Some malware apparently believes in covering its bases
Today our system for logging email attachment type information caught something interesting. Here's the important log messages:
<MSGID> attachment application/rtf; MIME file ext: .rtf <MSGID> attachment application/zip; MIME file ext: .zip; zip exts: .pdf .rtf .xlsx rejected <MSGID> from firstname.lastname@example.org to <redacted>: identified virus: CXmail/Rtf-E, Exp/20180802-B
Exp/20180802-B is apparently an OLE2 based exploit using CVE-2017-11882, which appears to often be RTF-based (cf). This opens up the interesting and amusing possibility that both attachments are RTF based attacks (with the .pdf and .xlsx included in the .zip as either cover or supporting elements), and perhaps that they're the same RTF file. At the very least, this malware seems to believe in covering its bases; maybe you'll open a direct RTF attachment, or maybe you'll unzip the ZIP archive and use something in that.
We actually got several copies of this to various different local addresses, all apparently coming directly from this IP address (ie with no additional Received: headers) and all with the same 'Subject: Payment Advice'. The IP address in question isn't currently in the CBL or in Spamhaus ZEN, although it is in b.barracudacentral.org.
In a further interesting development, looking at our logs in more detail showed that there's actually a second run from the same IP an hour or so earlier, with a HELO of '163.com', a MAIL FROM of 'email@example.com', and a Subject of 'Purchase Inquiry RG LLC'. This run was detected as the same two types of malware, but it has a different mix of attachment types:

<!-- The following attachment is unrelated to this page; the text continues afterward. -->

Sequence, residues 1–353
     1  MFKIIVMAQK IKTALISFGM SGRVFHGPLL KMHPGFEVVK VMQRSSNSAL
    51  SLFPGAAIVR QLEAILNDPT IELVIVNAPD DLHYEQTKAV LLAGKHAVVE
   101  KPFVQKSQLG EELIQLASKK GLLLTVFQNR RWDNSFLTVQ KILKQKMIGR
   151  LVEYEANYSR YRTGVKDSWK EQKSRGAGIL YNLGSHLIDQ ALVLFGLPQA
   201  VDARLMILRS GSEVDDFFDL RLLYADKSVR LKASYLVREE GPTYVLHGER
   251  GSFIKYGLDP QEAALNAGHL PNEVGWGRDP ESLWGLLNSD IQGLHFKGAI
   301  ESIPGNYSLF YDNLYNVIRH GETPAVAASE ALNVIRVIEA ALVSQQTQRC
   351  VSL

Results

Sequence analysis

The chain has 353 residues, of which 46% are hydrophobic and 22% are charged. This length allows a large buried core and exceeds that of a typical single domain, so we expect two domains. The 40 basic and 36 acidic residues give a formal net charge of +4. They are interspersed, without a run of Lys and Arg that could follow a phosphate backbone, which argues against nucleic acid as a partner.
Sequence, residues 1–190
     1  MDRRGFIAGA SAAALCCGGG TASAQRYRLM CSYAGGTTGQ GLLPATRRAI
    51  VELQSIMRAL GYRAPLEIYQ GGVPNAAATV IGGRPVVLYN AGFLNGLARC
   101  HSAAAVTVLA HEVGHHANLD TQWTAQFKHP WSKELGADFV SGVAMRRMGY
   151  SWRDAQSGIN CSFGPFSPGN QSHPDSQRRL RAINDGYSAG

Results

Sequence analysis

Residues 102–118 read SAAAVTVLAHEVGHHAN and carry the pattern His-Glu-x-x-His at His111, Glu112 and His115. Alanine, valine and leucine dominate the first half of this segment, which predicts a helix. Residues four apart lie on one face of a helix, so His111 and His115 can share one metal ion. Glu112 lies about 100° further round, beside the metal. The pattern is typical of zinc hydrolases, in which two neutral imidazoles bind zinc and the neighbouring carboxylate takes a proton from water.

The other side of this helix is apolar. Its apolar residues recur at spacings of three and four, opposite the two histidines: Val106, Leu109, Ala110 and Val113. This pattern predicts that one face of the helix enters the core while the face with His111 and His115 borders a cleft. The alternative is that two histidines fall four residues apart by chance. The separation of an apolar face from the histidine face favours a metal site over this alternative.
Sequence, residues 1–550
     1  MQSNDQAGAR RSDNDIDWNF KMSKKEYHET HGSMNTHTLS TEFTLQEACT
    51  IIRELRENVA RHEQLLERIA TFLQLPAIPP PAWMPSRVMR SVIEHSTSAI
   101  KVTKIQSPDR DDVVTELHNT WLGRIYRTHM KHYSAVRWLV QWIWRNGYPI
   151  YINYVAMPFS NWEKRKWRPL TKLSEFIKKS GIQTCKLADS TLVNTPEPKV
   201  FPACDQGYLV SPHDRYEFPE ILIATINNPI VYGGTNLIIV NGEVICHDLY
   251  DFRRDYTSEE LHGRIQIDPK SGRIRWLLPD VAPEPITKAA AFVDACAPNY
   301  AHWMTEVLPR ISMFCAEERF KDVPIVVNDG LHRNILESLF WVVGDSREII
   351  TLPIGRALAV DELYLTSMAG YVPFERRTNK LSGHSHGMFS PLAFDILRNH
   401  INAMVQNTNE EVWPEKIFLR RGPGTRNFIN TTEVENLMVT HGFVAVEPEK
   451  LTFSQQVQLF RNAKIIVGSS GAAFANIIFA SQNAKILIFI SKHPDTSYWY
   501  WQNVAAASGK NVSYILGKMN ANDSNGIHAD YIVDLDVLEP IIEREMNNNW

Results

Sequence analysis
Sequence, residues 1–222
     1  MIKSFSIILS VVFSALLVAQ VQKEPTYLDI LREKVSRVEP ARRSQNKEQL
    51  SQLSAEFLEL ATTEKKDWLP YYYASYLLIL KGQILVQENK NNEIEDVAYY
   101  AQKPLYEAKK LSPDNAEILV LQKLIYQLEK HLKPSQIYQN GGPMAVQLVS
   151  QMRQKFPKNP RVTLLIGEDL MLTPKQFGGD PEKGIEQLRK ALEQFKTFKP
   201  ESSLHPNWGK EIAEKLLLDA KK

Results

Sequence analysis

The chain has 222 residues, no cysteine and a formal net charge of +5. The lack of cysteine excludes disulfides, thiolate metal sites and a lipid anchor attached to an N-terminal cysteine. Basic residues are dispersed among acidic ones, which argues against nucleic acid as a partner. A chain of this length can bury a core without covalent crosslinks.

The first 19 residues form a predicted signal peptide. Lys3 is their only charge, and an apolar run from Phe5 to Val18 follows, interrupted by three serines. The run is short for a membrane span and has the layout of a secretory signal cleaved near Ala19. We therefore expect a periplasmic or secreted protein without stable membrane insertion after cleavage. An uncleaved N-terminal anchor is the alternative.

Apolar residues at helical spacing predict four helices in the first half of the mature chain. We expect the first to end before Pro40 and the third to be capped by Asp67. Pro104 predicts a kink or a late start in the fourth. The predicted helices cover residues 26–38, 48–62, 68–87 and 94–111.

attachment application/pdf; MIME file ext: .pdf attachment application/octet-stream; MIME file ext: .xlsx; zip exts: .bin .png .rels .vml .xml none
This may mean that the first attachment is basically a cover letter and it's the second attachment where all the malware lurks.
Sidebar: More spammers covering their bases
In the past nine days or so, we've also seen:
attachment application/msword; MIME file ext: .doc; zip exts: .rels .xml none attachment application/vnd.ms-excel; MIME file ext: .xls; zip exts: .rels .xml none rejected [...] identified virus: CXmail/OleDl-AD, CXmail/OleDl-AQ
(with the Subject of 'Re: August PO #20180911000'.)
The idea of putting together two different OLE-based attacks in two different documents amuses me. It's kind of brute force, and also optimistic (since you're hoping that neither is recognized and thus blocks your email).
attachment application/msword; MIME file ext: .doc attachment application/pdf; MIME file ext: .pdf rejected [...] identified virus: CXmail/RTF-F, Troj/20170199-P
And then there's what is probably a case of 'let's throw two phish attempts into one email':
attachment text/html; MIME file ext: .html attachment text/html; MIME file ext: .html rejected [...] identified virus: Troj/Phish-CZV, Troj/Phish-DAG
As I discovered once we started logging attachment types, our commercial anti-spam system identifying something as having phish 'malware' probably means it's in the attachments. This one had a Subject of 'Details Attached'. I bet they were.